But What Is Disneyland For?
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I visited Disneyland on my first trip to Los Angeles, in June 1969.
Walt Disney had been dead only two and a half years, and the park
was still very much his, not just in its general conception but
in its details. I expected to like it, but as the day wore on I
was surprised to realize that I didn't much care for it. It was
only late in the day, at "Pirates of the Caribbean," that
I felt any enthusiasm for what I was seeing.
visits did not erase my skepticism. On my most recent visit, my
dismay with the submarine ride drove me out of the park in mid-afternoon.
I've always been disturbed by my reaction to Disneyland. Even in
the last and weakest of Walt Disney's animated features, I see traces
of the artistic innovator who made the great short cartoons and
the early features. It's harder to find such traces in the live-action
features, but that's not surprising, because Disney's involvement
in them was clearly limited. He was, after all, devoting most of
his time to other thingsDisneyland, in particular. It's his
intense involvement with the park that makes me uncomfortable with
my own coolness toward it. If he was so wrapped up in Disneyland,
why do I find so little of the essential Walt Disney in it?
There's abundant evidence of Disney's intense involvement in such
recent books as Designing
Disney's Theme Parks: The Architecture of Reassurance and
Disney Imagineering: A Behind the Dreams Look at Making the Magic
Real. The most recent such book is Designing
Disney: Imagineering and the Art of the Show, a slender
but lavishly illustrated volume that owes its unique authority to
its principal author. John Hench is now well into his nineties,
but, after more than sixty years on the Disney payroll, he is still
actively involved in the activities suggested by his book's titlethe
design of attractions at what are now a half dozen Disney theme
The book comes equipped, too, with a preface by Frank Gehry, the
architect of the wildly acclaimed new Walt Disney Concert Hall in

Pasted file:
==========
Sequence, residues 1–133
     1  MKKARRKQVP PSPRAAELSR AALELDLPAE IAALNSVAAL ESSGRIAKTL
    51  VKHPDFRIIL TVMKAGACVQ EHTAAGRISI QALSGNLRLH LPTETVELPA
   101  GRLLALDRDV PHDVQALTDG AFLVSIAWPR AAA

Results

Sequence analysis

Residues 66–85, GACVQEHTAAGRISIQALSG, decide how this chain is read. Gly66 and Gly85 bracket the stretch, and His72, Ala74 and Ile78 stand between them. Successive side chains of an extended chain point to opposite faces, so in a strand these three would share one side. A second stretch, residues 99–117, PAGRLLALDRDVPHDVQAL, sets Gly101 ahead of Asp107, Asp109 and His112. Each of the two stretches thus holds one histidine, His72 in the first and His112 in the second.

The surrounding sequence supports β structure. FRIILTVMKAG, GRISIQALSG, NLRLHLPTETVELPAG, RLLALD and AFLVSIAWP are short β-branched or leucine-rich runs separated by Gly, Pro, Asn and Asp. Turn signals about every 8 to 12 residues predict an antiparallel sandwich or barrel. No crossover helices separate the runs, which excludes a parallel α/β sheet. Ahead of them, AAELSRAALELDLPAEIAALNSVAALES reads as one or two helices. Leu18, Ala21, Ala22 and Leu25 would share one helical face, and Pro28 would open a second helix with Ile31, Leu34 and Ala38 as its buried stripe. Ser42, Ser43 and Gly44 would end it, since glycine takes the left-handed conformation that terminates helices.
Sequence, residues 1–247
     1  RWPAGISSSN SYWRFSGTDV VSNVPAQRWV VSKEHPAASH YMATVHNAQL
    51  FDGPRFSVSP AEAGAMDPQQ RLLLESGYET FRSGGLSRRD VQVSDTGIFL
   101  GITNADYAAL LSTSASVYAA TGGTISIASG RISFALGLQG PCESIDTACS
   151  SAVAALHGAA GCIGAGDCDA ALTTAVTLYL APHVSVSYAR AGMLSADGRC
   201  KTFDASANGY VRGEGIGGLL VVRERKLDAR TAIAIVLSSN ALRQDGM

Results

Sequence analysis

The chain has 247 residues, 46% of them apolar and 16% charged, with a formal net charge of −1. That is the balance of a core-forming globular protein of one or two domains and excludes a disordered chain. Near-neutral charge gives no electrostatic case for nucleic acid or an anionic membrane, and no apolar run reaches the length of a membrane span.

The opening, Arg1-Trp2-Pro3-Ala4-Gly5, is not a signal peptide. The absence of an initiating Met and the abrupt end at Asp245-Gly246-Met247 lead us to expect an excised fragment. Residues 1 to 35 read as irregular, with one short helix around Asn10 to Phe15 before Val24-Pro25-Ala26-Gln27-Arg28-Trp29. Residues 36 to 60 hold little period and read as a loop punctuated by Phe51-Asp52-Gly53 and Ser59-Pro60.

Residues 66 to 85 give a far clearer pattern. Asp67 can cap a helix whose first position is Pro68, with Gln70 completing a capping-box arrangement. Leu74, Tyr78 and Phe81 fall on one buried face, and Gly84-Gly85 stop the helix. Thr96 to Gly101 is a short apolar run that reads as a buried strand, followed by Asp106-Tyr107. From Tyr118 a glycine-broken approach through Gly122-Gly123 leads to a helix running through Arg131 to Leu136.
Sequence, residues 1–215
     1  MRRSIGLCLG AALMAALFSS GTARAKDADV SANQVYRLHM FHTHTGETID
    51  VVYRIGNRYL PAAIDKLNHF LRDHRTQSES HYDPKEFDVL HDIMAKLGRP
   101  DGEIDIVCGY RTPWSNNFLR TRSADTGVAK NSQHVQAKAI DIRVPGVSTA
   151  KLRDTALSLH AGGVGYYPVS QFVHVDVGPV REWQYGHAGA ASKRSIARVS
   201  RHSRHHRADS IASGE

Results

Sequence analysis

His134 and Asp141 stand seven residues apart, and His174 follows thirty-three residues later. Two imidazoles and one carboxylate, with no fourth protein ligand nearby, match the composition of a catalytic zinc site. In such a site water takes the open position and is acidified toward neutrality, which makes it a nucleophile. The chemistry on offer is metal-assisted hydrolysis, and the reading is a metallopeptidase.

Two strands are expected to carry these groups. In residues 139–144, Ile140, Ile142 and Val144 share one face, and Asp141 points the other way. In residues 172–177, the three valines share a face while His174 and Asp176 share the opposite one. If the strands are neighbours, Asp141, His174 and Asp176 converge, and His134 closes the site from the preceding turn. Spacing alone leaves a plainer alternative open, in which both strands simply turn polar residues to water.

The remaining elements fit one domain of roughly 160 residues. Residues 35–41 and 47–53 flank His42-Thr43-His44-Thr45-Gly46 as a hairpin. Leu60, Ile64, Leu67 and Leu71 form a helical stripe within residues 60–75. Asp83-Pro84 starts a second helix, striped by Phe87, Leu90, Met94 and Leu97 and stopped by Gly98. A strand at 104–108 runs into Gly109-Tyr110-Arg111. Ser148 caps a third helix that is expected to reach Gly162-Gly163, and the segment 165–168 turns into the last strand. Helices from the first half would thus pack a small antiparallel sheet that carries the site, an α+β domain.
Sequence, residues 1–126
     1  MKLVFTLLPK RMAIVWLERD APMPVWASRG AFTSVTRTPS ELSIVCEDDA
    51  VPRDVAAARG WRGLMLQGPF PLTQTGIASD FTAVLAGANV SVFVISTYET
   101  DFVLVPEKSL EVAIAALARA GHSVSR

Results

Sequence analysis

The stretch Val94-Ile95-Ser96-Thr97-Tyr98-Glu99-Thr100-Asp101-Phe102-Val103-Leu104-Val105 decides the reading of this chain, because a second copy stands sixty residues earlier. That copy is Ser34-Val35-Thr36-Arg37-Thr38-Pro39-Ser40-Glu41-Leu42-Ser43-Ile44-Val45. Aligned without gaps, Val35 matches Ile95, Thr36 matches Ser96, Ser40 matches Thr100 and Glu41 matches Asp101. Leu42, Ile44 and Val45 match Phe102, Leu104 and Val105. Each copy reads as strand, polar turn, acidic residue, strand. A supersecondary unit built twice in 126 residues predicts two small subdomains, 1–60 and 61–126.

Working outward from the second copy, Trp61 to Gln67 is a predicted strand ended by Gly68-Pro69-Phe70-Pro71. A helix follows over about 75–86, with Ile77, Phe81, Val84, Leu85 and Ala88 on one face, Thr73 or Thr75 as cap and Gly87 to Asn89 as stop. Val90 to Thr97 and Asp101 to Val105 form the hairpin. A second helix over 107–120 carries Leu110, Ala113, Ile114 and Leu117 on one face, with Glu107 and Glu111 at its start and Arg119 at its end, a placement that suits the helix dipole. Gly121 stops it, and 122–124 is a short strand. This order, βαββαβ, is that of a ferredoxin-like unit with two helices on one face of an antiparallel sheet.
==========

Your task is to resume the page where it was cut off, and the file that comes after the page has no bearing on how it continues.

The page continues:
Los Angeles, and a co-author, Peggy Van Pelt, with a Ph.D. As modest
as are the book's dimensions, it would be hard to imagine a more
imposing case for Disneyland's importance.
Hench does not shrink from making extraordinary claims for what
he calls "our greatest achievement," Disneyland. His language,
as applied to the Disney cartoons and theme parks in interviews,
has always been rather grand, sometimes masking the intensely practical
considerations that led to particular choices. His book is no different.
For example, he says this about Mickey Mouse, in an extended caption:
"As a graphic representation, Mickey is a symbol of life. He
is a series of round shapes that have a distinctive relationship
characterized by the flow of one curve into another, creating lines
that relate to each other in the musculature of a human being. Curves
typically indicate movement typical of the living human figure.
I see Mickey as a record of dynamic movement."
I felt here, as in much of the rest of the book, that Hench had
skipped a step. Mickey, like many another cartoon character in the
twenties, owed his curves to the limitations of his animators. As
I put it in Hollywood Cartoons: American
Animation in Its Golden Age: "Vertical forms tend to
stutter as they move across the screen, whereas curving forms tend
to flow." Those tendencies were exaggerated in the hands of
the early animators, most of whom were more limited in their skills
than the animators of later years. Mickey has outlasted many other
characters that were equally curved; his curves were only one small
element in his success.
Only rarely as I read the book did I feel that Hench was extending
his reach to all the considerationsgrubbily practical as well
as aestheticthat have governed the design of the Disney parks.
Sometimes the practical intrudes seemingly by accident, as when,
in the engagingly expert chapter on color, Hench writes of the "dark
ride" called "Pinocchio's Daring Journey." The ride,
he says, "flows seamlessly into Geppetto's Toys & Gifts
and the nearby Village Haus Restaurant, all unified, like a stage
set, by a color palette of rich wood browns and earth tones accented
with warm colors typical of Italian wooden toys and clocks. The